Blog » Conference: AgileByExample 2015

Conference: AgileByExample 2015

AgileByExample was a Warsaw conference on agile software development. I attended two days of workshops and learned a few new things about communicating with people, organizing work and developing a product – overall, time well spent.

The talks were organized by three tracks: team, product and business. Here are some things I noted down.

  • There was a lot of emphasis on intrinsic motivation (as opposed to motivating people with rewards and penalties). As a general rule, assume people are as productive as the system allows them to be (and try to change the system to give them more freedom / sense of purpose).

  • Also, remember that programming doesn't look like work! Worth to keep in mind that when a programmer is trying their hardest, they usually look like they're daydreaming.

  • Another big topic was work in progress and how to limit it. The main insight I got is that having a lot of unfinished work is not only a scheduling and efficiency problem – if your organization is overloaded with work, it's also limiting your ability to see the big picture and make more conscious changes.

  • Treat product changes not as projects, but as bets! Thinking about what to bet on is a completely different mindset than creating a schedule for a project, and forces you to think more about the expected value than low-level planning.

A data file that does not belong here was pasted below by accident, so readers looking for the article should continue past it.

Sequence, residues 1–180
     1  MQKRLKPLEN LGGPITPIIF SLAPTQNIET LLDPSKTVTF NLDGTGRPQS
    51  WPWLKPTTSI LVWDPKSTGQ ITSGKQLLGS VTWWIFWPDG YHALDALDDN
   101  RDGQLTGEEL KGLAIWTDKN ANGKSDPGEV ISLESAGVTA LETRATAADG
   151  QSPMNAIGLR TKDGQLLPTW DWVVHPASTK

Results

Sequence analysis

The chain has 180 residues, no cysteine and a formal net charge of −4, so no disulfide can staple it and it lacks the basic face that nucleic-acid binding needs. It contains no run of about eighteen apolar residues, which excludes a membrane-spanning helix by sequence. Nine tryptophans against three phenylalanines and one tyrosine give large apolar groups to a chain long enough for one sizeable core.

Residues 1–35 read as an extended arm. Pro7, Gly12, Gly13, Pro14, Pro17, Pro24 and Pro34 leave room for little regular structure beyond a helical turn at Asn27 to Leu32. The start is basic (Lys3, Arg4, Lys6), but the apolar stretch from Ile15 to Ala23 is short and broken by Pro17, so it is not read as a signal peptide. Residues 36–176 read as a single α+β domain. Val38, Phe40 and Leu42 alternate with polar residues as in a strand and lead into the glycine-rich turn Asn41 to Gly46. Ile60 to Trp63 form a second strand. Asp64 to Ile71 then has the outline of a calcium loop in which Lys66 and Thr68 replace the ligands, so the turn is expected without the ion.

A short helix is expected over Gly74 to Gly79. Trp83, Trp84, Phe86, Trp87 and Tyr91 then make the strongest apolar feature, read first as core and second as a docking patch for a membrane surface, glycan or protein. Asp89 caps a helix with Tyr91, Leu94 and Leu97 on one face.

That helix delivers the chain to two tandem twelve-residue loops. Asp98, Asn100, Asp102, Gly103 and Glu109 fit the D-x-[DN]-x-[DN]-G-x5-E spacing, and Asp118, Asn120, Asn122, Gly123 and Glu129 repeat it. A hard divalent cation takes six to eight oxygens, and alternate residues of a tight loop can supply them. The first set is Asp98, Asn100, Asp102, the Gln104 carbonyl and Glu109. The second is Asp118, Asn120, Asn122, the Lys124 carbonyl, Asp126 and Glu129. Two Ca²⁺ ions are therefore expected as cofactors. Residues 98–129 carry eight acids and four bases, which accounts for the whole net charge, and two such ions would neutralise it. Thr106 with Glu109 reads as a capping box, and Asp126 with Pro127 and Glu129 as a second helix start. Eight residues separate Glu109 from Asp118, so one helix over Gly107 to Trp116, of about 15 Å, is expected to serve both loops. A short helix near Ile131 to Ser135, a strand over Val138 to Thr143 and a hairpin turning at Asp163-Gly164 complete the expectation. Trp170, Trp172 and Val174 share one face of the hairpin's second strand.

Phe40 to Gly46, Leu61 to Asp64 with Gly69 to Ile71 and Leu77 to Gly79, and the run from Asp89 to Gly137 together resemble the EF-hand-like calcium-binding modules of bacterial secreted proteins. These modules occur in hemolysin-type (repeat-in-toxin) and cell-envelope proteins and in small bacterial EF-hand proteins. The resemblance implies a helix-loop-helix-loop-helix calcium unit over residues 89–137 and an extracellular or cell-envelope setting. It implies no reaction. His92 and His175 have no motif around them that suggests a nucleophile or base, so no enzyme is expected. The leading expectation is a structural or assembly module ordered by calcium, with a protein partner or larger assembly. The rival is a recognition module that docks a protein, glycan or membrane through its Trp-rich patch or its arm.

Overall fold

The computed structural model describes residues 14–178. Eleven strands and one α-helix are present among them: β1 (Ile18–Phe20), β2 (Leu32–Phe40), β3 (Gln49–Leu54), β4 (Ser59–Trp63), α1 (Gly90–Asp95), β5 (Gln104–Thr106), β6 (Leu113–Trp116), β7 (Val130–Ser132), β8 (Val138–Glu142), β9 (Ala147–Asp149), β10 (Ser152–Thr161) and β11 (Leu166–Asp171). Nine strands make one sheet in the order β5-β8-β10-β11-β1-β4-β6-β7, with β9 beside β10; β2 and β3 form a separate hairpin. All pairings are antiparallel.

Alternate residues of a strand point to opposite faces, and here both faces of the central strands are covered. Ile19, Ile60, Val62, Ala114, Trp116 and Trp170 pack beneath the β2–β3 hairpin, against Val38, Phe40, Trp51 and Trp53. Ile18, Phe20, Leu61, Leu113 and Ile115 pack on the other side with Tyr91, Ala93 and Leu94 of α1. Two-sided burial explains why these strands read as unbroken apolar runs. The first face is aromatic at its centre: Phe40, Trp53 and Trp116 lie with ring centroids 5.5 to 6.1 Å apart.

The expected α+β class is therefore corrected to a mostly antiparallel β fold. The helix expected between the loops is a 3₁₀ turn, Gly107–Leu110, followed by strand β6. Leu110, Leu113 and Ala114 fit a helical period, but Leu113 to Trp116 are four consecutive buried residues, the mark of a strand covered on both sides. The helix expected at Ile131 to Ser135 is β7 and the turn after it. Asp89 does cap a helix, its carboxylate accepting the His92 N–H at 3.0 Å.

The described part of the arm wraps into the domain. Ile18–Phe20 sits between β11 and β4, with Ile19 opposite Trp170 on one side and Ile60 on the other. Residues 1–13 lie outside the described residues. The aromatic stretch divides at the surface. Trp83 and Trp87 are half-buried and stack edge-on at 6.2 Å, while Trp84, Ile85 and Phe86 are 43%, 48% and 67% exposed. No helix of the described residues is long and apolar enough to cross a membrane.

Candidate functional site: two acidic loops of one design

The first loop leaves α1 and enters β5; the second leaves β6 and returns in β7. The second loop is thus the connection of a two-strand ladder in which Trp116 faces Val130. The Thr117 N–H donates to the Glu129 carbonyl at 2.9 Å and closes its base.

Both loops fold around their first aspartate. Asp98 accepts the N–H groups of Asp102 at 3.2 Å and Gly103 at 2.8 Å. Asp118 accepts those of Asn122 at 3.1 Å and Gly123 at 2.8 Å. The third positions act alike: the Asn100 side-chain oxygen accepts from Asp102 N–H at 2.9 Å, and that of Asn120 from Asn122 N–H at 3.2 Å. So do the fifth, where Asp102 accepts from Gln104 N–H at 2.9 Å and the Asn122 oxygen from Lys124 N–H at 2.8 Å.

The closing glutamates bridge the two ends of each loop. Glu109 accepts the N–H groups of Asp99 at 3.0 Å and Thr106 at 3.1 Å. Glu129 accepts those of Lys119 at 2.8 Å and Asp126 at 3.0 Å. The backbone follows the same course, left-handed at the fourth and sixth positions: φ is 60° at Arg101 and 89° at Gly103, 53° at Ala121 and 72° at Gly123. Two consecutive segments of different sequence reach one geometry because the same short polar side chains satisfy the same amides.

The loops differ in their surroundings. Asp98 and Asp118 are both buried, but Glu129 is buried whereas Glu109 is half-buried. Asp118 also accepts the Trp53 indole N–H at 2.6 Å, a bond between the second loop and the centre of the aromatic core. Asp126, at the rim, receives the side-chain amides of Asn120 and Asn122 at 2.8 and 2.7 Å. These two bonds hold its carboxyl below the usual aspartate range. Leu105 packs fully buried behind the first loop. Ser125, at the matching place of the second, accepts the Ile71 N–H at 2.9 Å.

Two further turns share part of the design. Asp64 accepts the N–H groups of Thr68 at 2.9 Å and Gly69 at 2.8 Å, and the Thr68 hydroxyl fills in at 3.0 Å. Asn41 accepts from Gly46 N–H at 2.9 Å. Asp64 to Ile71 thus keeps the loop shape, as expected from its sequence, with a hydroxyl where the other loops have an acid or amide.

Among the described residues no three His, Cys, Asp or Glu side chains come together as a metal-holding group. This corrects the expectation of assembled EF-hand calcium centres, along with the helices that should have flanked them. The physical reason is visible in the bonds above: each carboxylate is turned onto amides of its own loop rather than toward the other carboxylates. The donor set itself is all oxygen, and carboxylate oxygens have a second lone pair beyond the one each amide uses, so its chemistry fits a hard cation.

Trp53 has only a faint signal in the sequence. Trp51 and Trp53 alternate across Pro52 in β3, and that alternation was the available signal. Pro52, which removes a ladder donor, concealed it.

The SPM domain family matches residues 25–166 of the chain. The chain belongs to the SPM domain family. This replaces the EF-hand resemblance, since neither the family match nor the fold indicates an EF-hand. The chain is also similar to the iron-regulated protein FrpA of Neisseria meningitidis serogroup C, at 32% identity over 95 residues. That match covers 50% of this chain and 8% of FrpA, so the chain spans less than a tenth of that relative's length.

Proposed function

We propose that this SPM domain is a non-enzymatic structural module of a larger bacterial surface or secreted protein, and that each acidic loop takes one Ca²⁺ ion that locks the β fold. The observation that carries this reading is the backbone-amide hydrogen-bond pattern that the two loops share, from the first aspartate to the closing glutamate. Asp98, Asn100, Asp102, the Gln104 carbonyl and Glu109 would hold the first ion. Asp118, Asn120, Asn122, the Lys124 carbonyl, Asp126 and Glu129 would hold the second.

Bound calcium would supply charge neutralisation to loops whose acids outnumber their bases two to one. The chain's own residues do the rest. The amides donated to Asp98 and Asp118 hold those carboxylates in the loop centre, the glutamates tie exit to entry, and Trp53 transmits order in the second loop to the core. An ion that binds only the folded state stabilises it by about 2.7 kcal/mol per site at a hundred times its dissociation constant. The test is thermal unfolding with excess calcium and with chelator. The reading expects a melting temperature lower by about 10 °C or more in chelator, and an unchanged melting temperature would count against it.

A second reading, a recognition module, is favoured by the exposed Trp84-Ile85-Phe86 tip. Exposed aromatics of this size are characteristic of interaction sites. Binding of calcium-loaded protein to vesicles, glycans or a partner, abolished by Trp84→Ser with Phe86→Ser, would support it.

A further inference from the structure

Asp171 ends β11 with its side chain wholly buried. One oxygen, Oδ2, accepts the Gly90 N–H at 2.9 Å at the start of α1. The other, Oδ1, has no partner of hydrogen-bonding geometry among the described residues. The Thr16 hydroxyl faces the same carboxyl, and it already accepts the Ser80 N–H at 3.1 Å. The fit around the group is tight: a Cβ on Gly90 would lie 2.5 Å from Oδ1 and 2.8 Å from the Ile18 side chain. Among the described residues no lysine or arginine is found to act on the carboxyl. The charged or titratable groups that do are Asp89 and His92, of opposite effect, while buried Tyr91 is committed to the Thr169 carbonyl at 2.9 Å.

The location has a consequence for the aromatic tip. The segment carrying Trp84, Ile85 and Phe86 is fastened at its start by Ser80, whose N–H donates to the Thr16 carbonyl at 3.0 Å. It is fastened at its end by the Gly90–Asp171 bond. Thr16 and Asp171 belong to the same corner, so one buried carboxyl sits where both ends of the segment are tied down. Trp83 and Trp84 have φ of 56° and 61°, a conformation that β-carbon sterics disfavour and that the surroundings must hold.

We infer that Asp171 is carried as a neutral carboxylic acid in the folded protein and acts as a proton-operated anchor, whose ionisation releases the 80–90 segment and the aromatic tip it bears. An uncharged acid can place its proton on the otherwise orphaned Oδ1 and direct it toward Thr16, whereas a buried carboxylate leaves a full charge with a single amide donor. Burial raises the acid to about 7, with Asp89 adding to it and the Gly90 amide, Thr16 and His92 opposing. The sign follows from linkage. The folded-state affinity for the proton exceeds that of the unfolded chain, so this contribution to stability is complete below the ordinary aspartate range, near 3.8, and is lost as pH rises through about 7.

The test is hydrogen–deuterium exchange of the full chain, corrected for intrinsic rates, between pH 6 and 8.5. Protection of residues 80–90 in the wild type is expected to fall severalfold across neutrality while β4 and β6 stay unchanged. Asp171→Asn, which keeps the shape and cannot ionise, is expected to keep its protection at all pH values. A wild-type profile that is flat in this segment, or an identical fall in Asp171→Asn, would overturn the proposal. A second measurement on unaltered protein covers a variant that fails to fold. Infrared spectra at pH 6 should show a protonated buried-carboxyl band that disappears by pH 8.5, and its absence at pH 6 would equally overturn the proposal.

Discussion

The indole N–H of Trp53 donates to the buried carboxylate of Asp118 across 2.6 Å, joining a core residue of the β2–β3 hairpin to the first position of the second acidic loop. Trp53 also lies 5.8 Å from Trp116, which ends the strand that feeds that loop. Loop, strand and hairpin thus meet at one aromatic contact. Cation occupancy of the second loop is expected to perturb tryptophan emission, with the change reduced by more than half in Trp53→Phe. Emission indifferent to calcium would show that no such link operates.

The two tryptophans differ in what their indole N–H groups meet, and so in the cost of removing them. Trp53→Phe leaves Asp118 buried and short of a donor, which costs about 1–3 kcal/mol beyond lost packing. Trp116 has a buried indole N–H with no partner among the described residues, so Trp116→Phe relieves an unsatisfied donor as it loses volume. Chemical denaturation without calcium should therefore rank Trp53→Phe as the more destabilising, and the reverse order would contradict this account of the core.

• While we're on product changes, impact mapping (example) is also a good way to hierarchically present a plan, so that the focus is on goals, not only individual features.

  • If you really want to convince people, you have to take care of their safety and appeal to them both on rational and intuitive/emotional level (convince both the "elephant" and the "rider"). To make a more powerful argument, draw what you're talking about. Another idea: games or simulations that illustrate your point.

  • Drawing is generally a useful communication tool to have. Have a look at Bikablo for some clever shortcuts.

  • There was an interesting talk on root cause analysis. The author presented a very methodical approach of drawing the whole branching diagram of causes (his team even used a mind-mapping software instead of just whiteboard!) You have to be careful of jumping too quickly to conclusions, and of presenting opinions instead of facts – as a result of these, it's easy to miss something important about the situation.

  • Belbin Team Roles sound like an interesting way of analyzing teamwork. I will have to read about them.

  • Improv exercises. This is not the first time I hear about them in the context of agile. I will have to read about them.

  • Idea: don't demo your software to the customers. Just give it to them and let them use it themselves. You will learn a lot from watching them.